Rick (Bogart), as I’m sure you know already, sticks his neck out for nobody. Heartbroken after a lost love affair in Paris, he’s become the enigmatic owner of a happening bar in Casablanca during World War II. While all around him people are scrambling and killing and stealing for a means of getting out of town and over to ally territory, Rick seems in his element. That changes when an old flame, Ilsa (Bergman), the one who broke his heart in Paris, shows up with her husband, Victor Laszlo (Henreid), a hero to the resistance movement. Casablanca is often proclaimed the best-loved or most cherished of Hollywood classics. It’s a strong testament to what the old studio system could do. Premier production values, invisible editing, great dialogue, and a terrific cast of characters matched with the right stars and character actors. Of course, Bogart and Bergman are immaculate but think about how invaluable the supporting cast is, right down to Sakall in his brief moments (The studio system had the best character actors). I resisted Casablanca for many years, perhaps partly due to my innate contrary nature, but also, I think, because its so famous and influential, so often imitated, that its components are almost cliche. It’s impossible for it to feel fresh at this point, but watching it again, I found myself admiring every aspect of its storytelling. It’s a great film, but you probably didn’t need to be told that.

-Walter Tyrone Howard-

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The Adventures of Don Juan (1948, Directed by Vincent Sherman) English 7

Starring Errol Flynn, Viveca Lindfors, Robert Douglas, Alan Hale, Romney Brent, Ann Rutherford, Robert Warwick, Una O’Connor, Raymond Burr

the adventures of don juan 1948 이미지 검색결과

(7-Very Good Film)

Festive. Handsome. Fun.

Don Juan: My dear friend, there’s a little bit of Don Juan in every man, and since I am Don Juan, there must be more of it in me!

Don Juan. The man. The myth. The legendary lady-killer. Apparently, not far off from star, Errol Flynn’s own reputation. The perfect marriage between star and role. Flynn’s Don Juan passes from town to town, accompanied by his loyal servant, Leporello (played by Flynn’s loyal real-life friend, Hale), fleeing cuckolded husbands and alternating between trying to live down or live up to his reputation. Eventually, he meets the queen, Margaret of Austria (Lindfors). Falling for her, he fights to protect her from conspirators and enemies of Spain. Not as exciting or memorable as Flynn’s best (Captain Blood, Robin Hood, The Sea Hawk), The Adventures of Don Juan is, however, a fun, romantic romp made with an abundance of skill and money.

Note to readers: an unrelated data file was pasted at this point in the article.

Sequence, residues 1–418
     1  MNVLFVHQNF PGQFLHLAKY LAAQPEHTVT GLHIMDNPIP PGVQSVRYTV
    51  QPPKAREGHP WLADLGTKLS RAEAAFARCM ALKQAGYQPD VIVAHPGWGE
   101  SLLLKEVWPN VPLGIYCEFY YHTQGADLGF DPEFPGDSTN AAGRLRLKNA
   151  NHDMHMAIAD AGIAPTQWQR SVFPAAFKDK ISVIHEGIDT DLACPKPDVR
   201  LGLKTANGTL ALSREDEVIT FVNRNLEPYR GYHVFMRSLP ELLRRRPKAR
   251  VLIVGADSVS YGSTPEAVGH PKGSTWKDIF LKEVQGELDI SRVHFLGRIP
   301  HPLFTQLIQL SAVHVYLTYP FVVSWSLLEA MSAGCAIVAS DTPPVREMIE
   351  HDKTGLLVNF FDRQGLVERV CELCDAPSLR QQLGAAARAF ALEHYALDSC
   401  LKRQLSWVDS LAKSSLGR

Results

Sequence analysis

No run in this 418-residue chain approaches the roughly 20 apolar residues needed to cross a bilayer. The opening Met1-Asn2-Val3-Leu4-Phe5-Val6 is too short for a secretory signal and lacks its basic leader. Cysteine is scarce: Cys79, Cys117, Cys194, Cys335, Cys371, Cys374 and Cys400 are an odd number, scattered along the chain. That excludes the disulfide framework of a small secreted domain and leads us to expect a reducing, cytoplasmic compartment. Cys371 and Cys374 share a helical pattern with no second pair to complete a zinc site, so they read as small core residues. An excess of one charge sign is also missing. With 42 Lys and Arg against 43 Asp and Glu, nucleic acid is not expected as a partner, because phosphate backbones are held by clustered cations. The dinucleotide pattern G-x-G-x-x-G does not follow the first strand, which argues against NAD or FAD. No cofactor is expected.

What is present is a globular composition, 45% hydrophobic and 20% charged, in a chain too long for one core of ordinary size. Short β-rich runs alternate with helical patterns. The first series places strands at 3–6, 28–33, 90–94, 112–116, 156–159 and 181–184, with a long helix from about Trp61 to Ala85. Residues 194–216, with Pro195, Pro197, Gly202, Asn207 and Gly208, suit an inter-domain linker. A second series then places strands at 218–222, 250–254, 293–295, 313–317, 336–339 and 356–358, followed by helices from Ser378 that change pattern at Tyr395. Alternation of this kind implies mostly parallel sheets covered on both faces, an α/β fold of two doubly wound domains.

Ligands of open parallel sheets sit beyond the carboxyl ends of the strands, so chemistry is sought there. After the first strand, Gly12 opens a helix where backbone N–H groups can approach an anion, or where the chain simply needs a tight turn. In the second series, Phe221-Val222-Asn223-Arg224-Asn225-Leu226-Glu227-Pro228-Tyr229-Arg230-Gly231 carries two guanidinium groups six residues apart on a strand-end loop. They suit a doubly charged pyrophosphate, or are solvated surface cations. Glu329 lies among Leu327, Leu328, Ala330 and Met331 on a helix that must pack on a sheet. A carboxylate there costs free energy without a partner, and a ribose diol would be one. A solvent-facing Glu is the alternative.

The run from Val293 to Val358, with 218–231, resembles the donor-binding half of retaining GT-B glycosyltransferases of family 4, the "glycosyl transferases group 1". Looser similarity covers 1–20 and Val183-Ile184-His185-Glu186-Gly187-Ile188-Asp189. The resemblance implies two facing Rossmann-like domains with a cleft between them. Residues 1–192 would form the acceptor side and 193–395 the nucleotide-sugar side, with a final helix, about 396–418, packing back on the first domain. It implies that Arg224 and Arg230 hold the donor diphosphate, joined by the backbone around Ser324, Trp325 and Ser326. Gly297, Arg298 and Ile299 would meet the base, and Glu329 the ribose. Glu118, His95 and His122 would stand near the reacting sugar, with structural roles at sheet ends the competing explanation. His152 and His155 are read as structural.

-Walter Tyrone Howard-

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Ninotchka (1939, Directed by Ernst Lubitsch) English 9

Starring Greta Garbo, Melvyn Douglas, Ina Claire, Sig Ruman, Felix Bressart, Bela Lugosi, Alexander Granach

Ninotchka | Best Movies of All Time | TIME.com

(9-Great Film)

Romantic. Sly. Iconic.

Ninotchka: Must you flirt?

Leon: Well, I don’t have to, but I find it natural.

Ninotchka: Suppress it.

Three amiable, easily manipulated Soviet agents arrive in Paris during the days following the Russian Revolution. Sent to sell valuable jewelry confiscated from the ousted nobility, they’re quickly thwarted by a wily lawyer, Leon (Douglas). The trio are then sent help in the form of Nina Ivanovna Yakushova, or Ninotchka (Garbo), a tough-as-nails, Soviet patriot to help fight the case. Not nearly as impressed by Paris as her comrades, it’s meeting Leon and falling for him that slowly causes some of the ice to thaw. Ninotchka is my favorite Garbo picture. It’s one of those classic Hollywood films that bring me great joy to watch. Romantic and funny as romantic-comedies naturally should be but rarely are, it’s also a rather clever and early satire on the bleak state of Soviet Russia.